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Toymaker Michael Brown brings tools of his trade to Hereford library

Toy IndustryLibraries

All it took was a wooden peg and round piece of wood for Michael Brown to make a wooden top that immediately caught the interest of his young audience. A toymaker and historian, Brown gave a talk on traditional American wooden toys and demonstrated how to make some of them at the Hereford branch of the Baltimore County Public Library on Jan. 18. Best of all, the girls and boys who attended the event got to try out — under Brown's watchful eye — some of the simple tools used to make toys.

In a corner of Hereford Library on a cold winter weekend, the sounds of sawing and hammering mingled with giggles and laughs. Guided by the calm, knowledgeable voice of Mike Brown, children ranging in age from 3 to 9 got a hands-on lesson in toy-making.

"I started making toys 30 years ago for my nephew," Brown told the group, as he showed them examples of the wooden puzzles, tops and a wooden jailhouse he has made. Completely self-taught, Brown learned woodworking and toy designs from various books he read. Soon the hobby became an occupation.

"I made a lot of mistakes," the White Hall resident said, of his beginnings. "I come up with a design and make three or four prototypes and then look for a way to do it that takes a lot less time."

Brown sells his toys at craft fairs and through word-of mouth. He also does group demonstrations. He started the talk at the library a few years ago.

"I love doing it," Brown said. "It is good for kids to learn."

Through a series of stations, Brown first demonstrated six different skills – including sawing, hammering and filing, and then gave each child a chance to try it, too.

"The secret of tool use is to not work harder, but work smarter," Brown explained, as he showed how to use a hammer.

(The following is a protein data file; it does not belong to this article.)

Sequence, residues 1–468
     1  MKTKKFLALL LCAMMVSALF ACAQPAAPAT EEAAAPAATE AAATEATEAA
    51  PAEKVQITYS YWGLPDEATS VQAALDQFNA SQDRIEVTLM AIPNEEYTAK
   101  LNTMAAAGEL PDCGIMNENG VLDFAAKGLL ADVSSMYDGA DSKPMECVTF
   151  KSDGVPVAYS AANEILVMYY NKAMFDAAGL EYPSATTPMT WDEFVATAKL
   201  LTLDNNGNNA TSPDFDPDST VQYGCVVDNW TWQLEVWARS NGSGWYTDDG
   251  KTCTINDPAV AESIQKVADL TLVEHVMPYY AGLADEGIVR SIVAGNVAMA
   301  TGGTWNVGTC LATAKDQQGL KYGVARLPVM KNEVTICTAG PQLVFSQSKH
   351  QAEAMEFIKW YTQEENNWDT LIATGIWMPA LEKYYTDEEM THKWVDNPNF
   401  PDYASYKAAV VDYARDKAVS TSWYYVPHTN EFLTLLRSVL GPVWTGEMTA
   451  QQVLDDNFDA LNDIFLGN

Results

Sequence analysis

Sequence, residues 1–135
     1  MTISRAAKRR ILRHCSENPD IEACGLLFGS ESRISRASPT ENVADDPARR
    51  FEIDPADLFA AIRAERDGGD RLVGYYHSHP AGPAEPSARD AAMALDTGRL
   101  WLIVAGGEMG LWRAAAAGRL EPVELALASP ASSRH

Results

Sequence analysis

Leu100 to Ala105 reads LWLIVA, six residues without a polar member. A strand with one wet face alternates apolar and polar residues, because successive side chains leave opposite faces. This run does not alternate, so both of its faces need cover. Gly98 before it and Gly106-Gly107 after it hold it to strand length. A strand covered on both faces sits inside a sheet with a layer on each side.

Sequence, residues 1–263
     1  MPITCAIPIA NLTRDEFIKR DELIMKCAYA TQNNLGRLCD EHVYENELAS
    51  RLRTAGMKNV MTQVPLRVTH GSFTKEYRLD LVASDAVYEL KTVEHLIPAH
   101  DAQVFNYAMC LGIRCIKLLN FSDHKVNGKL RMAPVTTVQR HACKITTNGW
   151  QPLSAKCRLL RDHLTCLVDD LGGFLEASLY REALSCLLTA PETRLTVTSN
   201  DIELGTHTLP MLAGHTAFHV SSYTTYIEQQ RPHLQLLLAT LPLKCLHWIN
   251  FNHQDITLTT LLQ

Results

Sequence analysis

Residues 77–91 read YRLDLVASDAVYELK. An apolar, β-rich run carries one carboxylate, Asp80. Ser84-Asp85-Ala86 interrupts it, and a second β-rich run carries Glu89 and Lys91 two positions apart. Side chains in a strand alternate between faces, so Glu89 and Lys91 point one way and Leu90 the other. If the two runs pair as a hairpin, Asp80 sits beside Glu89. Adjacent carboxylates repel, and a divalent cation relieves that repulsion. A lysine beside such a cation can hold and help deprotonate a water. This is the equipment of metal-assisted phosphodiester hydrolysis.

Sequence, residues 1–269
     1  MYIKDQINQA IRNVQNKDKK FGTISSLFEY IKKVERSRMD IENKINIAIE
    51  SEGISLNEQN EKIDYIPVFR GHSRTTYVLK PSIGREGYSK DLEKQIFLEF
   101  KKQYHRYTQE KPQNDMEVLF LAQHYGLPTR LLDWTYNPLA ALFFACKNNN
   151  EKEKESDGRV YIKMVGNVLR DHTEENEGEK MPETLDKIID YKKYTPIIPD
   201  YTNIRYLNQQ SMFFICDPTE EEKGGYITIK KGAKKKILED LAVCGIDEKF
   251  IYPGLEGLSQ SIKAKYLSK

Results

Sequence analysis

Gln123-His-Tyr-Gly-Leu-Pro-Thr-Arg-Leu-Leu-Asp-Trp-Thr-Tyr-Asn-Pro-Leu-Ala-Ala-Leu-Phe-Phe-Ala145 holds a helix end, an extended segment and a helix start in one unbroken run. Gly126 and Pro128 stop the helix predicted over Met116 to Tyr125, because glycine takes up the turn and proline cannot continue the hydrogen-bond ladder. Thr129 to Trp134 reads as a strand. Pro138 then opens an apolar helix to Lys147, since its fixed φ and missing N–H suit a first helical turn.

"It's super heavy," laughed Jami Nelson, as she lifted the hammer. "I feel it does all the work."

Nelson brought her two children, Rafferty, 6, and Dempsey, 4, to the event.

"I think it's great," Nelson said. "I remember back in elementary school in woodworking making puzzles like this. I'm glad for them to see this."

Rafferty liked using the tool called a spokeshave, which is used for curved work but produces a neat wood scrap.

"It was cool," Rafferty said. "It made curly things."

Five-year-old Madelyn Michenzi agreed. While she has worked with a few tools before as she is helping her dad renovate the basement, the spokeshave was different.

"They're cool," Madelyn said, as she pulled a curly wood shaving.

"It's like your hair - curly," Mike Bare told his grandson, Avery Slocum, 4, when Avery revealed a handful of curly wood shavings.

"He was shy at first," Bare said, of Avery's hesitation to participate. "Now, he really wants to do this. I thought it might be fun."

While many were satisfied with taking home just wood shavings, each child took home a small top they made.

"Any top that doesn't spin for 30 seconds doesn't make it," Brown said, as tops spun on the table.

"It's really fun," said Joan Steinly-Marks, 9, of the demonstration. "I got to make little tops and that was fun."

While Brown, who also substitutes at Hereford High School, has made hundreds of toys, he is still looking for his favorite.

"I haven't made it yet," Brown said. "It's always the next one."

Copyright © 2014, The Baltimore Sun
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